Inside Higher Ed, July 12, 2018

State rankings on college opportunities

A new report by Joni Finney of the University of Pennsylvania Graduate School of Education offers state-by-state comparisons on postsecondary educational opportunity. States are evaluated on factors such as preparation of high school students, engagement with nontraditional college students, support for minority students and the fiscal heath of the state. Many of the states are found lacking. General analysis plus the state comparisons may be found here.
Inside Higher Ed, July 12, 2018

Parental support key to student success

Emotional support from family is essential to outcomes for low-income students, a new study shows. “Low-income families have a particular resource that they have plenty of and that they invest in their children, and that’s emotional support,” said Josipa Roksa, a professor of sociology and education at the University of Virginia and the lead author on the study. “We shouldn’t underestimate that value and the importance of that resource.”
Inside Higher Ed, July 11, 2018

Walking in a winter 'workerland'

Hendrix College’s president, Bill Tsutsui, was sitting with his senior leadership team one day, figuring out how to make use of the empty Arkansas campus during winter breaks — and a thought struck him: career preparation. It was perhaps quite a relevant idea given the heaps of criticism that liberal arts institutions such as Hendrix endure about whether they are teaching their graduates the necessary skills to land a job. Tsutsui’s career center staffers brainstormed a program of sorts years ago, it turns out, so in January the college rolled out the inaugural initiative for its sophomores, what it dubbed Career Term. It works like this: for a couple of days during winter break, the college brought back almost 50 of its second-year students and gave them workshops on base-level career-search skills — résumé writing and job interviewing, dressing professionally and finding an internship.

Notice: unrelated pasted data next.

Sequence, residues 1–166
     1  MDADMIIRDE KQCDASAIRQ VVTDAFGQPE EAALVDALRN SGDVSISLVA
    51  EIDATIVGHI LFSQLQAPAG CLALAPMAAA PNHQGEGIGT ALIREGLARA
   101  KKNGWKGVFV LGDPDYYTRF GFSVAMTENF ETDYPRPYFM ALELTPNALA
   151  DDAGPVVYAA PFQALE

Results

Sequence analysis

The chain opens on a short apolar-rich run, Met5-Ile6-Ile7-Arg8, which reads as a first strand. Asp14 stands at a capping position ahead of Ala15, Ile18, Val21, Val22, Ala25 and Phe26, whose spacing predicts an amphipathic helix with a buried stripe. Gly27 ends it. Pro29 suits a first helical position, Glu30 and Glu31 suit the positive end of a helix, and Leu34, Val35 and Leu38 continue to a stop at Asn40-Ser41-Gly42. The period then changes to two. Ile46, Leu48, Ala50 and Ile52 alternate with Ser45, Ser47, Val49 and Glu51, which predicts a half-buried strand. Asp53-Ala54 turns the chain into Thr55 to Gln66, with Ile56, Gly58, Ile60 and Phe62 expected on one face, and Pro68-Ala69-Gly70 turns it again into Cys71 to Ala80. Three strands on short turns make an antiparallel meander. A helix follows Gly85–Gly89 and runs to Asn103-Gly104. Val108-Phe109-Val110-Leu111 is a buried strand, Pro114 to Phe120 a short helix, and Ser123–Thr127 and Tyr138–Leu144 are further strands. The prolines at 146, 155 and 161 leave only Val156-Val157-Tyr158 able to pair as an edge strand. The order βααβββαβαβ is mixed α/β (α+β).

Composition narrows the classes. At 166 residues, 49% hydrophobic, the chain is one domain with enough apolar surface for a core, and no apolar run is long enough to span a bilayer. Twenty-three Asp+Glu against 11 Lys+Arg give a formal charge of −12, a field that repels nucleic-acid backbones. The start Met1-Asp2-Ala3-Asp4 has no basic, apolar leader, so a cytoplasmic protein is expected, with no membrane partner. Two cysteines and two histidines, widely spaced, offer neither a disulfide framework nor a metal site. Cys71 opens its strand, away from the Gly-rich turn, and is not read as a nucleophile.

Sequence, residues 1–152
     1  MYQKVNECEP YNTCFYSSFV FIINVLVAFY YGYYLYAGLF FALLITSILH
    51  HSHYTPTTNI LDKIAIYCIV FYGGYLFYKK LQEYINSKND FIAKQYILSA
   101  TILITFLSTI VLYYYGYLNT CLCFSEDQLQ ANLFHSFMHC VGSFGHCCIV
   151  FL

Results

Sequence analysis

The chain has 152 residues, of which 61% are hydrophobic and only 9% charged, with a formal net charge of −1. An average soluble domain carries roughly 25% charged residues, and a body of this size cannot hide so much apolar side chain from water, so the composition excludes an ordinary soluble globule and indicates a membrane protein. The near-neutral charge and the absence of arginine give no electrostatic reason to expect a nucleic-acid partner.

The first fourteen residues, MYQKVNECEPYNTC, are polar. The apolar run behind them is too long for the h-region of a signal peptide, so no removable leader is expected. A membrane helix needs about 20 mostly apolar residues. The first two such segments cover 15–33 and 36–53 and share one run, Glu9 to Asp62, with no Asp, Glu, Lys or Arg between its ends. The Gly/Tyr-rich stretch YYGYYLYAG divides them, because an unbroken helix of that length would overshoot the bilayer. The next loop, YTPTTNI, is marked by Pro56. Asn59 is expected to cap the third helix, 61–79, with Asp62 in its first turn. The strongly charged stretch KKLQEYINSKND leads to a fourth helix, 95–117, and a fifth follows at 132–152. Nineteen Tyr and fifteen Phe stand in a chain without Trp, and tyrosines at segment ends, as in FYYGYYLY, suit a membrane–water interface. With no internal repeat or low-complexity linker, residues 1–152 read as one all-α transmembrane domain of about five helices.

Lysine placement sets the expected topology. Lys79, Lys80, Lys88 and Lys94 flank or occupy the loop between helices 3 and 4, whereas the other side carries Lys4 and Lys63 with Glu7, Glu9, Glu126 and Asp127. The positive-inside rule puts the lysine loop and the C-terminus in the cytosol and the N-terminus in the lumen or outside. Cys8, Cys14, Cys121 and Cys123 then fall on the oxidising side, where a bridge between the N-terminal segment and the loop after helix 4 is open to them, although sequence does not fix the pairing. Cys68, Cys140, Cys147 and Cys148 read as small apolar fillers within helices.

Inside Higher Ed, July 11, 2018

A college prices its online programs 60% less

Berklee College of Music’s online program, priced at just over a third of tuition for the Massachusetts institution’s face-to-face degree offerings, raised eyebrows when it got off the ground in 2013. Conventional wisdom that online programs require more resources to produce had taken hold, and pricing models that favor online students were few and far between. Five years later, Berklee remains an anomaly in higher ed, as most institutions continue to charge the same or more for online programs as for their face-to-face equivalents. Some arguments hinge on a philosophical belief that online education should be valued equivalently to face-to-face programs, while others emphasize the significant financial burden of designing and launching online courses from scratch.
Inside Higher Ed, July 11, 2018

Politics | Local, State, National

Report: States support free college in poor economies

A new report from the Century Foundation released today found that statewide free college programs received more political support during economic downturns, even when overall spending on higher education fell. According to the report, funding per full-time-equivalent student grew between 12 and 142 percent in six states studied from 2007 to 2013, during the Great Recession, while overall state funding per FTE student fell between 18 and 38 percent in each state.
Inside Higher Ed, July 12, 2018

Yet another way student debt keeps people from buying homes

In April 2017, the federally controlled mortgage giants Fannie Mae and Freddie Mac, after heeding calls to change how they assess potential borrowers who use income-driven repayment plans, changed their rules, allowing borrowers to use their actual monthly payments for student loans as opposed to an arbitrarily calculated payment. That meant borrowers enrolled in income-driven repayment plans would potentially have lower debt-to-income ratios, and could qualify for better mortgages. But those two companies are only part of the home-loan market. The Federal Housing Administration, a branch of the Department of Housing and Urban Development, which oversees FHA loans — government-backed loans intended for low-income borrowers — has not followed suit. (Critics of Fannie Mae and Freddie Mac argue that their baselines of credit score and down payment are still prohibitive for many potential homebuyers, even if they were able to make monthly payments.) As a result, low-income borrowers in search of even the most modest home loans might be left wanting.
The Atlantic, July 11, 2018

Last Modified: 7/12/18 11:40 AM